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Technology alone won’t solve a thing, so what else do you need? Discover how setting business outcomes and gaining user buy-in can transform solution adoption.

When businesses first moved to the cloud, it was to migrate legacy on-premises solutions online. But as cloud technology evolved, so did development techniques. Software is now released far more quickly and, as a consequence, users are faced with a huge number of choices.

These solutions can help streamline collaboration, enable users to find information more quickly, reduce errors, and simplify compliance. Yet, despite this proliferation, knowledge workers often find themselves in possession of software that sits on their desktops unused.

The truth is, when it comes to technology adoption, implementing and getting value from new solutions demands time and effort. So, while your favorite vendors may claim to change your world for the better from day one, without a carefully implemented adoption program that considers business goals and the needs of its users, most new technology implementations are set to fail.

Why do so many new tech rollouts fail?

When it comes to post-implementation problems, some issues can be traced back to a lack of understanding about the product and how it performs. But the root problem is often simpler than that.

Without publicizing the benefits of your solution and ensuring management are equipped with the right knowledge to foster user buy-in, employees are far less likely to use a new solution of their own free will. People must be convinced that additional training and changing their working behaviors are worth their time and effort.

It’s an issue that goes right back to the early stages of adoption. But the good news is, with the right processes and workflows in place, it’s entirely avoidable.

Business goals should be the target — not adoption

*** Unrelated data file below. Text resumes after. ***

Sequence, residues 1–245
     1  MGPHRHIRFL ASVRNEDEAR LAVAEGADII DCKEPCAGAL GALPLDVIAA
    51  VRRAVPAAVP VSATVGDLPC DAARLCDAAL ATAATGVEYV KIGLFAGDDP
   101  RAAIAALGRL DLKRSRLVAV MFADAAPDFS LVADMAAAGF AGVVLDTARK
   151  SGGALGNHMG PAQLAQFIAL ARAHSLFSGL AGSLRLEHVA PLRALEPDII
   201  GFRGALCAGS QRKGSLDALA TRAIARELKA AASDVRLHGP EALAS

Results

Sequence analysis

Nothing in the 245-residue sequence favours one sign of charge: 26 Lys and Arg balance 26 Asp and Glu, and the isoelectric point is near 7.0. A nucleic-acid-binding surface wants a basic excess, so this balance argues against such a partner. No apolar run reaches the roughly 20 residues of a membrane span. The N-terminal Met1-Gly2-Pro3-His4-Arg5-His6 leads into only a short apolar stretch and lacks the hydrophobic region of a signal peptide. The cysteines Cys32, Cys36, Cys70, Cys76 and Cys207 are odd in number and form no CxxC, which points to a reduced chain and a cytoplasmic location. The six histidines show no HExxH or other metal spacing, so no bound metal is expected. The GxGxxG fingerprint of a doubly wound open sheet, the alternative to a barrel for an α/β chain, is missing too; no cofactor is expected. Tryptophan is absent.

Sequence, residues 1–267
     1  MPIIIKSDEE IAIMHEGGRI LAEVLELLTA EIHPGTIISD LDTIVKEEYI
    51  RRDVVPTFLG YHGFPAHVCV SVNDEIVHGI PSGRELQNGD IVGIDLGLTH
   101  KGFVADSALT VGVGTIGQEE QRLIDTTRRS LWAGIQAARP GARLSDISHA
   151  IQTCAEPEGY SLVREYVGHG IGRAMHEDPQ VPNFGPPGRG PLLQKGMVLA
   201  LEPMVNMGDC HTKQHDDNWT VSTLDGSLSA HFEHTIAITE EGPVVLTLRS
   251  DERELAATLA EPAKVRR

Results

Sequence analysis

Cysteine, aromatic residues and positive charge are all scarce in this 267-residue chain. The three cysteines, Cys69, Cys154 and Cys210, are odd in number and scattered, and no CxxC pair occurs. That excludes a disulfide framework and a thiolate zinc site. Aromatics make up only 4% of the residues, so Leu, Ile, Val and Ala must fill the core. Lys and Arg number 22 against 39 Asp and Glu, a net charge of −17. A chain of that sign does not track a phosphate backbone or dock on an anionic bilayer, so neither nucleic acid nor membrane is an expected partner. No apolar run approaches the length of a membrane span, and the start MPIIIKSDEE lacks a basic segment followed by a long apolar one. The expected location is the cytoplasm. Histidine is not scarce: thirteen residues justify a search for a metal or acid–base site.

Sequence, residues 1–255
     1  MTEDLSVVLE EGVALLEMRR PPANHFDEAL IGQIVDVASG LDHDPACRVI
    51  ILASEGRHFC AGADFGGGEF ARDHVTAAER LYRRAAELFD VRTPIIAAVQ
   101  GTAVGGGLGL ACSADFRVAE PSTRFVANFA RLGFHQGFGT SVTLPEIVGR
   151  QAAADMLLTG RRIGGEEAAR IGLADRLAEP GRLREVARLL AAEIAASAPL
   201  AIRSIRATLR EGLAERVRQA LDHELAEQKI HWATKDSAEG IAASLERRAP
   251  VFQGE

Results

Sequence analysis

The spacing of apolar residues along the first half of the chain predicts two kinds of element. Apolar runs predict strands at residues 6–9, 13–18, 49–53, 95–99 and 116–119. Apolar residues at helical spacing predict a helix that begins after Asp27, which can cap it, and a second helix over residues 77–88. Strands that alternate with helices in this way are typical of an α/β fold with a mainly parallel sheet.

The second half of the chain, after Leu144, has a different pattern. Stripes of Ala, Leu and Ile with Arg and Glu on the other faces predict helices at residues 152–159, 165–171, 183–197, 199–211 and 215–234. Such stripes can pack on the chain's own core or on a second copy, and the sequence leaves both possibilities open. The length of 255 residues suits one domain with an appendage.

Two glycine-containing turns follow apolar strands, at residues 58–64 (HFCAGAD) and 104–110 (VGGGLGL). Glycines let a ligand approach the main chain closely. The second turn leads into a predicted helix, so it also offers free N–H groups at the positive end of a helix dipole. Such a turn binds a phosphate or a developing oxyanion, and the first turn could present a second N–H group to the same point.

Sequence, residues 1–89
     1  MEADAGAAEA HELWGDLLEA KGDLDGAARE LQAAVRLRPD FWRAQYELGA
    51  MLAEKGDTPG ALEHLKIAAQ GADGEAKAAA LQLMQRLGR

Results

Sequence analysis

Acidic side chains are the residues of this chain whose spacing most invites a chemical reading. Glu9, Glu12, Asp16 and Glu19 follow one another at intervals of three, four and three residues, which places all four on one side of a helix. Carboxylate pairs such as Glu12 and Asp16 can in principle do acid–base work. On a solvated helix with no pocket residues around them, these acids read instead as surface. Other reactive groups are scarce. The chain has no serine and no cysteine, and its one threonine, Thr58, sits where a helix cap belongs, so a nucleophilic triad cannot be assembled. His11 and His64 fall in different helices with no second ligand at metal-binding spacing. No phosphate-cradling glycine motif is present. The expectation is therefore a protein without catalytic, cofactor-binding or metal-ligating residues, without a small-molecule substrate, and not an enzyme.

Unfortunately, many vendors are guilty of saying their solution will work right off the bat with little implementation required. But the reality is, technology is just a tool. The trick is knowing what to do with it and aligning it to the performance of your workforce and business.

That’s why when considering a new solution, it’s vitally important to establish realistic business goals and relay these to your chosen vendor. Ask yourself:

  • Do you see technology as a way to keep your employees?
  • Do you need to prioritize document security and client data safeguarding?
  • Do you want to give people back more time in their day?

While these are basic examples, the upshot is by identifying exactly what you want to achieve, you can establish a nexus between the technology and your desired outcomes.

Don't forget your users

When looking for a software solution, it can be all too easy to become preoccupied with the needs of the business. But you also need to consider the people who will use the solution day-to-day.

This requires direct engagement with employees to monitor, unpack, and understand how they work today, and map this to your proposed solution, identifying the differences and gaps.